Yogurt - A Milk Product with More

~ September 1998 No.51 ~

The origins of yogurt lie in the isolated Caucasus mountains of Russia, but to-day this milk product has a prominent place in the dairy case of most grocery stores. Yogurt was one of the first foods that was promoted widely because of its possible health benefits. In 1908 E. Metchnikov wrote in his book 'The Prolongation of Life' that the secret to longevity that he found in the Russian mountains was the yogurt that the people were making and eating. Since that time, many people have questioned the scientific validity of this conclusion, but the advent of probiotics has changed that. There is a growing body of evidence that probiotics or foods that contain live bacteria are good for the health.


Today yogurt is strictly defined as a milk product produced by the action of two bacteria - Streptoccus thermophilus and Lactobacillus bulgaricus. In addition, yogurt now may contain bifido bacteria and sometimes lactobacillus casei. The first two are needed to convert milk to yogurt and the later two are being added because of their health promoting properties.

To be truly effective it is important that the bacteria in yogurt are alive when consumed. Proper production, packaging, storage, shipping and refrigeration are necessary to ensure this. Although no standards exist, it is generally agreed that to be effective yogurt should contain 100 to 1000 million live bacteria per ml. Why so many?

The stomach is the first line of defence of the body against possible disease organisms. The low pH (or high acidity) of the stomach kills most foreign bacteria before they pass into the intestines. If this weren't so we would be sick more often. By consuming a very large number of bacteria in yogurt, some survive and pass through the stomach. However, the environment in the intestines is not friendly either. Our intestines are home to a wide variety of different bacteria; some of these bacteria are beneficial and some are not. The yogurt bacteria must compete with the normal intestinal bacteria for nutrients and sites to adhere to. Because the yogurt bacteria are foreign, they do not find adhesion sites along the intestinal wall and are quickly flushed through the intestines and are excreted in the feces.

Yogurt must be eaten regularly to be effective. This is not a ploy by yogurt makers to get us to buy more yogurt. This is the true. A steady supply of yogurt means that the yogurt bacteria are present in the intestines where they can benefit the host. Stop eating yogurt and very soon they are all eliminated.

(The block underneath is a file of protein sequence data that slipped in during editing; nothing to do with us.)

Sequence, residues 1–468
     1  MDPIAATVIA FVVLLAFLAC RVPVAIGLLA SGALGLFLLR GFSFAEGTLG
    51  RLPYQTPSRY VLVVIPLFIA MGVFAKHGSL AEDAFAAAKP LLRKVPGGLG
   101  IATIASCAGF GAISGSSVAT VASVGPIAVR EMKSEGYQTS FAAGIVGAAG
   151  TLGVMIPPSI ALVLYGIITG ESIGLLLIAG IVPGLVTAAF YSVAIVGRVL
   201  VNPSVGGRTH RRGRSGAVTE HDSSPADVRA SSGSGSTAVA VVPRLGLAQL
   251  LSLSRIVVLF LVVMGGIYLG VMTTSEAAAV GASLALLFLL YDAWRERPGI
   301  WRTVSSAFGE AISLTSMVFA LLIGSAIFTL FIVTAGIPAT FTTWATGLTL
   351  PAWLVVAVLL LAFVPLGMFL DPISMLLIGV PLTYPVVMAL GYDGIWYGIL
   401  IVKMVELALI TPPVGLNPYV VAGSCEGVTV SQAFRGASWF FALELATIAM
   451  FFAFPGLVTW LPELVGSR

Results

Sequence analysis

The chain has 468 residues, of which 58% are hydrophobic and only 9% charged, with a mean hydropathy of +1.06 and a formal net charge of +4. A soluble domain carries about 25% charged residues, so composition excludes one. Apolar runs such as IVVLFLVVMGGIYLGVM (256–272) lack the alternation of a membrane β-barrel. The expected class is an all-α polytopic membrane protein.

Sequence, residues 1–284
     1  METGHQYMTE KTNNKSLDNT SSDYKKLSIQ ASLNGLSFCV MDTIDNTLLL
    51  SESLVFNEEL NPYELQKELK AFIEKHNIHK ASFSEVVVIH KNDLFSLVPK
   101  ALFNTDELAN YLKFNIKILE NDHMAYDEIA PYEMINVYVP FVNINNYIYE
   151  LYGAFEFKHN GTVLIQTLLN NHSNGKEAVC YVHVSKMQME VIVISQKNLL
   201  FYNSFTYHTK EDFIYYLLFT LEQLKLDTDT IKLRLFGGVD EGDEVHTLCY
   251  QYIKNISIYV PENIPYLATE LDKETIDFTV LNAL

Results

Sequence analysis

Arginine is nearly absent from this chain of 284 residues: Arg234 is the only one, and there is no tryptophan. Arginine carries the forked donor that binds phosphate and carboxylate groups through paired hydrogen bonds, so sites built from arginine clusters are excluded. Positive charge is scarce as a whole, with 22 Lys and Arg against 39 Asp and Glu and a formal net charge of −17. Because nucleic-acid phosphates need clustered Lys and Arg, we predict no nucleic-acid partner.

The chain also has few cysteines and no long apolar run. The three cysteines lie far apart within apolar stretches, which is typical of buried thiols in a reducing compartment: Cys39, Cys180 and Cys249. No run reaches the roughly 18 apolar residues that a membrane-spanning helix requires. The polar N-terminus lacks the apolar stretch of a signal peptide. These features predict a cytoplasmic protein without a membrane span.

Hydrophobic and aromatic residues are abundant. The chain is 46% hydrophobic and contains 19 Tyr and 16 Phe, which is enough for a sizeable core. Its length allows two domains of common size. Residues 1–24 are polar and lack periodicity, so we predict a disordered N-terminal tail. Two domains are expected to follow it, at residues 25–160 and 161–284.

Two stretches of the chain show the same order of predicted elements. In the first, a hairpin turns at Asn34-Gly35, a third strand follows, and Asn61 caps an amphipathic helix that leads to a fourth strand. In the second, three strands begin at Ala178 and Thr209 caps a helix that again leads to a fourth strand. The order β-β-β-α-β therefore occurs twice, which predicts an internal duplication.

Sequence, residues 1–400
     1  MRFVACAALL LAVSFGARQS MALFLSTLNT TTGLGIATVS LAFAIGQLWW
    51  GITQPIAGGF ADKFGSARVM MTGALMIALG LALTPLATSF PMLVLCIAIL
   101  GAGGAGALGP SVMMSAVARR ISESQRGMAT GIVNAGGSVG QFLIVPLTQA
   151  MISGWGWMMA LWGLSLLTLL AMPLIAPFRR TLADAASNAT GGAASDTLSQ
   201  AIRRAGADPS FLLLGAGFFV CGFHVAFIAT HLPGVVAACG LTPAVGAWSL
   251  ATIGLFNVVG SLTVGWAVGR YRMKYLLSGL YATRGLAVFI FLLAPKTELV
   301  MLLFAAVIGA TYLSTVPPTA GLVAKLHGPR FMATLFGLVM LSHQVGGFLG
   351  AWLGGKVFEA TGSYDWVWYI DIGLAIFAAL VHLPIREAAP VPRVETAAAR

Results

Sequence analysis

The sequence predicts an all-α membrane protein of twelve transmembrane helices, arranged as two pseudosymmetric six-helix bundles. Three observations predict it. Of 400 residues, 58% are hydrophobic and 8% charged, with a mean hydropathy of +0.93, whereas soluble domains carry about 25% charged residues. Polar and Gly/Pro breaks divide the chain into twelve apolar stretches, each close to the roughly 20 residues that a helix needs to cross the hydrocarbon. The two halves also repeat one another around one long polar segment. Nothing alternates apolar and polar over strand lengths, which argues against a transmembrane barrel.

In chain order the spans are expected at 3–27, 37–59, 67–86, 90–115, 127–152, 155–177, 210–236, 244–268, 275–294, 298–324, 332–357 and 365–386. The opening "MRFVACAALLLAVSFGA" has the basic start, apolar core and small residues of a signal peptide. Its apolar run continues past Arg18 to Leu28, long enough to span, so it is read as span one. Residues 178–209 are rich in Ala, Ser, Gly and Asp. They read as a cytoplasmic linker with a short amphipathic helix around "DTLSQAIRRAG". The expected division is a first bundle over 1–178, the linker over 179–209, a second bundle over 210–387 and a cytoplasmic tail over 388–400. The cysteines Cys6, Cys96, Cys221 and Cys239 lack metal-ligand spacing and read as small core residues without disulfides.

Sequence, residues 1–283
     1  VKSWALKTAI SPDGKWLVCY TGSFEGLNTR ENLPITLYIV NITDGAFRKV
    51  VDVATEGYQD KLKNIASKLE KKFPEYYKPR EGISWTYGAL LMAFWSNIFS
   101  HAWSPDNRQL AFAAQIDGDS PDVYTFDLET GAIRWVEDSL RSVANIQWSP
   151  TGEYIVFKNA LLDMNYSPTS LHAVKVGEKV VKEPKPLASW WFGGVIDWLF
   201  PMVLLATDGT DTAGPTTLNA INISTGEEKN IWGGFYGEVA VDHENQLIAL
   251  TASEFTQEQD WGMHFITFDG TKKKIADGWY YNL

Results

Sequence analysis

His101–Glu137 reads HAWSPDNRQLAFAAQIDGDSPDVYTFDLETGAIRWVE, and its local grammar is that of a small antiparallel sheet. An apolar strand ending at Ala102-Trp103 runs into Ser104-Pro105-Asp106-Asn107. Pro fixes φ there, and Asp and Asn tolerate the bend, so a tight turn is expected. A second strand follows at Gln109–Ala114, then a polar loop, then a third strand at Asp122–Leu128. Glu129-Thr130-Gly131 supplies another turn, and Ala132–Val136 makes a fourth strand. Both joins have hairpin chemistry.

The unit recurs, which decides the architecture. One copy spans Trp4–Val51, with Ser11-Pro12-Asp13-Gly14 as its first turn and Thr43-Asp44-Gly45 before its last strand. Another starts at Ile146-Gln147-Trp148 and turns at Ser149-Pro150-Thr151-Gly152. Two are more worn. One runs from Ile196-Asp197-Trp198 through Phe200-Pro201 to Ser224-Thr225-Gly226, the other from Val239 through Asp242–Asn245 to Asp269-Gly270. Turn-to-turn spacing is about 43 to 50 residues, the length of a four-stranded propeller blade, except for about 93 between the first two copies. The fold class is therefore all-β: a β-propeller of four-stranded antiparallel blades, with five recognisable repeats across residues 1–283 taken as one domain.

Although yogurt is the best known probiotic there are other products on the market such as kefir, acidophilus milk and fermented vegetables that contain live bacteria. It is the bacteria that give these products their health promoting properties. They must be alive and they must be consumed in large numbers continuously to be effective.

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  • I have read in the book Patient Heal Thyself that yogurt containing the bacteria streptococcus thermophilus can beharmful to some people’s immune system. Can you tell me if it’s possible to make yogurt without this bacteria? If so, do you know of a source that sells a yogurt starter culture that does not contain s. thermophilus?

    dl.spear - Wed, 28 May 2003
  • From my understanding the definition of yogurt includes Streptococcus themophilus. So if you subtitute another organism it would not be yogurt. The Code of Federal Regulation (21CFR 131.200) defines yogurt as the food produced by culturing one or more of the following dairy ingredients: cream, milk, partially skimmed milk or skim milk with a characterizing bacterial culture that contains the lactic acid-producing bacteria, Lactobacillus bulgaricus and Streptococcus thermophilus and has certain levels of milkfat and milk solids, not fat. See US Government Publishing Office I have not read the book Patient Heal Thyself so I cannot assess the reliability of this information. Here is a review article on Immunologic effects of yogurt that may be of interest The American Journal of Clinital Nutrition

    Mike - Thursday, May 29, 2003
  • I have read the book and found the statement that S. thermophilus was a trigger for some sort of immune system reaction. I found by experimenting with probiotics that this is the case for me. The symptoms for me were very much like arthritis with joint pain, myofascial pain and swelling. Eliminating the microbe from my diet caused the symptoms to decrease within a day and be gone completely in four days.

    Donna - Sun, 7 Mar 2004

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August 13 2015